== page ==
Tag Archives: attention and retention

Attention Without Deficits

Texting_Emoji commons wikimedia
                          Source: Commons wikimedia

The challenge for all of us is to know when we are part of a true audience: when our presence is part of the presenter’s consciousness.

The Broadway actress Patti LuPone is apparently at the end of her tether. As was recently reported in the New York Times, during a performance of a play at Lincoln Center she grew frustrated with an audience member who texted continuously through an entire act.  The texter was downfront, just a few feet from the actors. Finally, at the conclusion of the last scene LuPone grabbed the offending phone from the audience member as she left the stage.

The problem of audience members otherwise engaged has been more common in recent years, notwithstanding pleas from theater managers that audiences shut down their arsenals of personal hardware before the lights go down.

As for LuPone, the multiple Tony winner reports that she is utterly defeated by audience members staring into blue screens.  With dismay she notes that she may give up working in live theater.1

Anyone who makes any kind of presentation to a group knows how daunting it can be to remain effective when an audience member visible to the presenter has decided to opt for an electronic environment over the one they are in.  Any electronic surrogate that gets more attention than the human who striving to connect is bound to produce some justifiable anger. Making a choice in favor of the device not only signals a kind of aggressive indifference to the performer, but other audience members as well. In its own small way, it’s an tacit act of sabotage against a presenter who has a right to expect at least minimal responsiveness.

To say that as a culture we have a problem with granting others our sustained attention is obvious, and not completely attributable to our growing obsession with constant connectivity.  Commanding the interest of others always requires the mastery of a very narrow path that threads its way between vast spaces of boredom and distraction.

Cayleigh Goodson aptly illustrates this lack of focus that seems to make attention deficits an emerging norm .

Research on the nature of the fickle human attention span includes a lot of cautionary conclusions.  Among them,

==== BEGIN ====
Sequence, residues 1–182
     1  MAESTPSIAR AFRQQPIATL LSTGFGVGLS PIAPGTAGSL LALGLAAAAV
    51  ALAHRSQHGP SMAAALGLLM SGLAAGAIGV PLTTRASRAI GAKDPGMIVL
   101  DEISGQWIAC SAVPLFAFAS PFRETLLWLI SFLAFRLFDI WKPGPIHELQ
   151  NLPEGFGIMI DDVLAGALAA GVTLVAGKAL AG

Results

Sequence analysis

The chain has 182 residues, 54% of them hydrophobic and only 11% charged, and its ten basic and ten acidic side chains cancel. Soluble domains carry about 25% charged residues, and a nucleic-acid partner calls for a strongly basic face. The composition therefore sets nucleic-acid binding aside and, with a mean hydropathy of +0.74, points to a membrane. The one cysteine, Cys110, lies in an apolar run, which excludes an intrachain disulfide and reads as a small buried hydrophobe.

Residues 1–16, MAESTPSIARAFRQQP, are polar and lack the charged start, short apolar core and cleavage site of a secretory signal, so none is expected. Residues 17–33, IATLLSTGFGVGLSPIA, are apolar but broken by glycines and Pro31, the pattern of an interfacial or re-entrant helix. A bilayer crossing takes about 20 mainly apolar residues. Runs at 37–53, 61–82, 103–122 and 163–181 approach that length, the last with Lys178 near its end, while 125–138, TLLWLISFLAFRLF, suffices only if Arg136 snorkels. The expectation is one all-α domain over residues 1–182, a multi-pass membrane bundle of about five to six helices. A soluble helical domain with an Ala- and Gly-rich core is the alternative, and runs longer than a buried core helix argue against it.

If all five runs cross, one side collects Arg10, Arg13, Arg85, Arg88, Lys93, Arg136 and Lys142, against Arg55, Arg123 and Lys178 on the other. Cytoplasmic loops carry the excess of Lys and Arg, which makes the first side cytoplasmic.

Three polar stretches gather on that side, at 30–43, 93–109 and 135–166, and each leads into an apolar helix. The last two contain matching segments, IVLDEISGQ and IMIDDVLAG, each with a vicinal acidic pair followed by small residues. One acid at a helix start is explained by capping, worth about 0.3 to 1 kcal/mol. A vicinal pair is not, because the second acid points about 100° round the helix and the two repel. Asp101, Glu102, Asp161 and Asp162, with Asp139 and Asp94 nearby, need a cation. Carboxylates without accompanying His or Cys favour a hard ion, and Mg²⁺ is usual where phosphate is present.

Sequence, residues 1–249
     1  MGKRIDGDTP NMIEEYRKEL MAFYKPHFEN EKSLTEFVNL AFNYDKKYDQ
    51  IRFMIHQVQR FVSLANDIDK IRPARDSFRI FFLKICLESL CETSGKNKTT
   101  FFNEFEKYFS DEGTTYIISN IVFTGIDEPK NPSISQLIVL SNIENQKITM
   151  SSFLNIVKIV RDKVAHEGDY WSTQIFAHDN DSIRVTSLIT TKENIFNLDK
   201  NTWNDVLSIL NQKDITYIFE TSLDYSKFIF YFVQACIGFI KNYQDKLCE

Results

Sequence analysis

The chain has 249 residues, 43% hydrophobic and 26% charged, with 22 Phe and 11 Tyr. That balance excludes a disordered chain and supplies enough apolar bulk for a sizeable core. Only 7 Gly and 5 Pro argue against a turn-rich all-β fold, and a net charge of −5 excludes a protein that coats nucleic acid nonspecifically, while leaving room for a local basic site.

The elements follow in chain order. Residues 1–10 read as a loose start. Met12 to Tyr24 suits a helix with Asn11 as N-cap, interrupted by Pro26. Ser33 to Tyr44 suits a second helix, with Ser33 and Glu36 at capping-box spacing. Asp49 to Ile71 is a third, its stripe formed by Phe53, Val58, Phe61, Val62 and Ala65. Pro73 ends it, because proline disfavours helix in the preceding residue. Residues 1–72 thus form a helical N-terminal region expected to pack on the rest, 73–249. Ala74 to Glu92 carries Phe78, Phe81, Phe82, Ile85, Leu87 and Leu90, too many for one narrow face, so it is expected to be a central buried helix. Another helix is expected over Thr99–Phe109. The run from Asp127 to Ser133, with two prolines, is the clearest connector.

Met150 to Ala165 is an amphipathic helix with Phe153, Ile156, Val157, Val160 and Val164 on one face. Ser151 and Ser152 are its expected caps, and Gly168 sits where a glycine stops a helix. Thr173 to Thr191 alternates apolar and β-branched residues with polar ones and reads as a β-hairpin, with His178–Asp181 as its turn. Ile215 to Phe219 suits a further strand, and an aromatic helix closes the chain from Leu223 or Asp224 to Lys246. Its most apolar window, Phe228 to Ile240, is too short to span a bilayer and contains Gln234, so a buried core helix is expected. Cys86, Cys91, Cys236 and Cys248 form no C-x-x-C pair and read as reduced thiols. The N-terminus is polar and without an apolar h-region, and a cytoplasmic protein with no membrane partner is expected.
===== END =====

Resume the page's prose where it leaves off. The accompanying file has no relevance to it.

1. Attention Is Intermittent Rather Than Continuous. We make a serious mistake if we believe that humans give themselves over to just one thing at a time. This only happens in times of emergency.  Otherwise, our attention to one object wonders, turning on and off faster than lights on a traffic signal.  This is why oral presentations need some tactful redundancy.
  2. Demands On Americans For Attention Are Enormous. It comes as no surprise that we have immersed ourselves in environments that flood us with messages. In the pre-electronic world it was not always this way.  Previous generations more or less chose their communication moments, especially when work was a more solitary process. Now the arrows are mostly reversed. Those moments mostly choose us: a result of the constant connectivity of e-mail, texts and other proliferating forms of social media.
  3. The Rate Of Decay For The Retention Of Content Is Very Steep.  We could not function effectively if burdened with the cognitive consequences of all that we take in.  So our brains protect our sanity by discarding most of the data that washes over us.  With its emphasis on ceaseless mayhem, news alone would drain our abilities to act on the premise that every event is potentially transformative.  So our restless information-processing requires that we ignore a lot, sometimes making us useless as engaged interlocuteurs.

From this last perspective, Patti LuPone is just another momentary intrusion in a continuous parade of incoming stimuli. But she has a right to be ticked off. The challenge for all of us is to know when we are part of a true audience.  There’s a simple imperative we need to honor:  When our presence is part of the presenter’s consciousness, we should act on the clear obligation to be responsive to their efforts.


1Erik Piepenburg “Hold the Phone, It’s Patti LuPone,” New York Times, July 9, 2015.